New Martyrs, Confessors, and
Passion-Bearers of Russia
Emperor Nicholas II and the Royal Passion-Bearers of Russia
From the sermon delivered by St. John
(then Bishop of Shanghai) on July 4/17, 1934, before a memorial service
for the repose of the souls of Tsar Nicholas II and those killed with him.
The Sovereign of Russia was killed under the vaults of the Ekaterinberg cellar, deprived of the royal crown by human insidiousness, but not - by God's justice - deprived of holy anointing... The entire Russian nation is guilty of the spilled blood of their Tsar. Some partook in the murder, others just as blameworthy, approved of it, while still others did nothing to interfere. All are guilty, and truly we must say: "His blood be on us, and on our children" Betrayal, treachery, the breaking of the oath of faithfulness to Tsar Mikhail Feodorovich and all his successors, passivity, coldheartedness, insensitivity - these are the elements of which the Russian people wove the wreath with which they crowned their Tsar...
Now the Emperor has received a Martyr's crown. But this does not justify us, it does not lessen our guilt. In the same way Judas, Pilate, Caiaphas, and those who demanded Christ's death were not justified but even more severely indicted by Christ's Resurrection.
It is a great sin to lift one's hand against God's anointed. When news of Saul's murder was brought to King David, he ordered the messenger to be killed, although the messenger did not take part in the murder but only rushed to bring the news, thereby implicating himself in the king's death. The least involvement in such a sin is not left unpunished.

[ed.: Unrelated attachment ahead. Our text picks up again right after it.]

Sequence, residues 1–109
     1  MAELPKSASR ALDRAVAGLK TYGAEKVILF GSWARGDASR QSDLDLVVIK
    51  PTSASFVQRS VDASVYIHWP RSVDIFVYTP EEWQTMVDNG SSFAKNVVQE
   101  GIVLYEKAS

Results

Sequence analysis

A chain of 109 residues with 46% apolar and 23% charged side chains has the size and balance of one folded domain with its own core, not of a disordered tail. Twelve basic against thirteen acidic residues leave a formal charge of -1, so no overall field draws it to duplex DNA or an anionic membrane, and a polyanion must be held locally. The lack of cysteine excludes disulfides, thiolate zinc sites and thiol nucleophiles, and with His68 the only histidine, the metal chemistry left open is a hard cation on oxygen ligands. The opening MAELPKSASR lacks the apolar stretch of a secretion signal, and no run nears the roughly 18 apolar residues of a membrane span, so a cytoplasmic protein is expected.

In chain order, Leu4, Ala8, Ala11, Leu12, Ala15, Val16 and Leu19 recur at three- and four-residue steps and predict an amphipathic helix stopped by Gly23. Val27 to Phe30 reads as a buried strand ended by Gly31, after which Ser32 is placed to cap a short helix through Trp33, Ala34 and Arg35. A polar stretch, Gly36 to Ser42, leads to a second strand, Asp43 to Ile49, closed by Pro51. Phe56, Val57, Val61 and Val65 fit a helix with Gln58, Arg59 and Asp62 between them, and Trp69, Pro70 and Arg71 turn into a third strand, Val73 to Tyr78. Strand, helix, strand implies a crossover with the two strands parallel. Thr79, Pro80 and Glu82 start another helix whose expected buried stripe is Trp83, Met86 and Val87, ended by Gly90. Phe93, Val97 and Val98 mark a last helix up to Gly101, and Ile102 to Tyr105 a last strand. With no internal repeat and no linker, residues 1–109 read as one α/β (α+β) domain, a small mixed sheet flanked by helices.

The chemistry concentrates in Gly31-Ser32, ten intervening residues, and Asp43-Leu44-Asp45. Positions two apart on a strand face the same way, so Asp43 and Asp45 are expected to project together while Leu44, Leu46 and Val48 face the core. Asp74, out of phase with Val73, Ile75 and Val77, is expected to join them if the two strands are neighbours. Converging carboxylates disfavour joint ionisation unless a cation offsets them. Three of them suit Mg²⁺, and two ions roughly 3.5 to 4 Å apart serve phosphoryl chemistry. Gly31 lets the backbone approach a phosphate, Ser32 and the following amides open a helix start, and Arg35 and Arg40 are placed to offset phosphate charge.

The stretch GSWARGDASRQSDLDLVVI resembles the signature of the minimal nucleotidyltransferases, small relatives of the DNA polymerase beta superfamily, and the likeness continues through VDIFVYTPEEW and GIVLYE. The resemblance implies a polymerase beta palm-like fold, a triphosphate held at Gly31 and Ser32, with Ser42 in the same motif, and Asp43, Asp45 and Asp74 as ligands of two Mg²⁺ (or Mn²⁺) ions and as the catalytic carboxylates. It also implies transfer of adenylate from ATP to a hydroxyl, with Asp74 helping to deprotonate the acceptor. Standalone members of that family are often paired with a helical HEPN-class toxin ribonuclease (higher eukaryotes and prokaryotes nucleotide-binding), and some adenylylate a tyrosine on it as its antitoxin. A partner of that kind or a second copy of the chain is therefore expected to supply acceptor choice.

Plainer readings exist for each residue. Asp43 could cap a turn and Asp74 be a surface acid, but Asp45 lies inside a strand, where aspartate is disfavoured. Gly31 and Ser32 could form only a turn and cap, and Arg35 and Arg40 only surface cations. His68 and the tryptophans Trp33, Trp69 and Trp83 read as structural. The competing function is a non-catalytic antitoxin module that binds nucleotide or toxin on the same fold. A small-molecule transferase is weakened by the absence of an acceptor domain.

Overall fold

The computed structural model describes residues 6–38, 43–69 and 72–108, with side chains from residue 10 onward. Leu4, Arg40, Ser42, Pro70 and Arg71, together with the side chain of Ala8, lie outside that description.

From the Special Edition of the magazine,
Orthodox America, Vol.II, No.4, 1981:
Very soon after Russia accepted the seed of the Gospel (in the year 988) her soil was sanctified by the blood of the martyrs. The pure young sons of Grand Duke Vladimir, Boris and Gleb, accepted death at the hands of a political assassin in order to save their people from civil war and terrible upheaval. They became sufferers for righteousness (I Peter 3:14); being conformed to the innocent suffering of Christ, they became true Passion-bearers.
As in the beginning of Holy Russia, so at the end: it pleased God to reveal Himself to the Russian people through the innocent suffering of Boris and Gleb; now, in these latter times, He has again unveiled Himself through the purifying suffering of a Tsar, the Anointed of God and supreme Protector of Christ's Church in Russia, Nicholas II...
In 1917, Metropolitan Macarius of Moscow saw in a vision the Saviour speaking to Tsar Nicholas: You see, said the Lord, two cups in my hands: one is bitter for your people, and the other is sweet for you. In the vision the Tsar begged for the bitter cup. The Saviour then took a large glowing coal from the cup and put it in the Tsar's hands. The Tsar's whole body then began to grow light, until he was shining like a radiant spirit. Then the vision changed to a field of flowers, in the middle of which Nicholas was distributing manna to a multitude of people. A voice spoke: The Tsar has taken the guilt of the Russian people upon himself and the Russian people is forgiven.
Nicholas himself once said: Perhaps an expiatory sacrifice is needed for Russia's salvation. I will be that sacrifice. May God's will be done! He had a very strong sense of his destiny as an Orthodox ruler. Although he had an opportunity to flee the country with his family and seek refuge outside Russia, he and his Empress deliberately chose to stay and accept whatever awaited them.
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New Martyrs, Confessors, and Passion-Bearers of Russia
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